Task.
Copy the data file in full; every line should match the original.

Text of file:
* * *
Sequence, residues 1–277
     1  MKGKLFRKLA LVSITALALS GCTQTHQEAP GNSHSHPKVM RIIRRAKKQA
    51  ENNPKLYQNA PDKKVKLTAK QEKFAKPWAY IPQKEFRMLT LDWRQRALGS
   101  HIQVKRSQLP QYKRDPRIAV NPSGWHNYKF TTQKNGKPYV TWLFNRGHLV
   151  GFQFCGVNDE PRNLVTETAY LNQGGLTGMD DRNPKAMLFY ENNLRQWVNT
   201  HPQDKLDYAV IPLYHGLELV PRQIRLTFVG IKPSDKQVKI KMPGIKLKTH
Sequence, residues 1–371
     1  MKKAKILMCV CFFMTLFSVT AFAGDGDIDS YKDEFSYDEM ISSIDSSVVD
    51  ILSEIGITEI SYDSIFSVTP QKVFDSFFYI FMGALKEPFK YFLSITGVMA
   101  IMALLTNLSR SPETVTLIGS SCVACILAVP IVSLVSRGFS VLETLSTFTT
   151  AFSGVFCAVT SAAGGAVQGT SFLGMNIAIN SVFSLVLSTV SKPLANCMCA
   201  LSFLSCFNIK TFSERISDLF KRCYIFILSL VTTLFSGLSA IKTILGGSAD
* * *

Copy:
Sequence, residues 1–277
     1  MKGKLFRKLA LVSITALALS GCTQTHQEAP GNSHSHPKVM RIIRRAKKQA
    51  ENNPKLYQNA PDKKVKLTAK QEKFAKPWAY IPQKEFRMLT LDWRQRALGS
   101  HIQVKRSQLP QYKRDPRIAV NPSGWHNYKF TTQKNGKPYV TWLFNRGHLV
   151  GFQFCGVNDE PRNLVTETAY LNQGGLTGMD DRNPKAMLFY ENNLRQWVNT
   201  HPQDKLDYAV IPLYHGLELV PRQIRLTFVG IKPSDKQVKI KMPGIKLKTH
Sequence, residues 1–371
     1  MKKAKILMCV CFFMTLFSVT AFAGDGDIDS YKDEFSYDEM ISSIDSSVVD
    51  ILSEIGITEI SYDSIFSVTP QKVFDSFFYI FMGALKEPFK YFLSITGVMA
   101  IMALLTNLSR SPETVTLIGS SCVACILAVP IVSLVSRGFS VLETLSTFTT
   151  AFSGVFCAVT SAAGGAVQGT SFLGMNIAIN SVFSLVLSTV SKPLANCMCA
   201  LSFLSCFNIK TFSERISDLF KRCYIFILSL VTTLFSGLSA IKTILGGSAD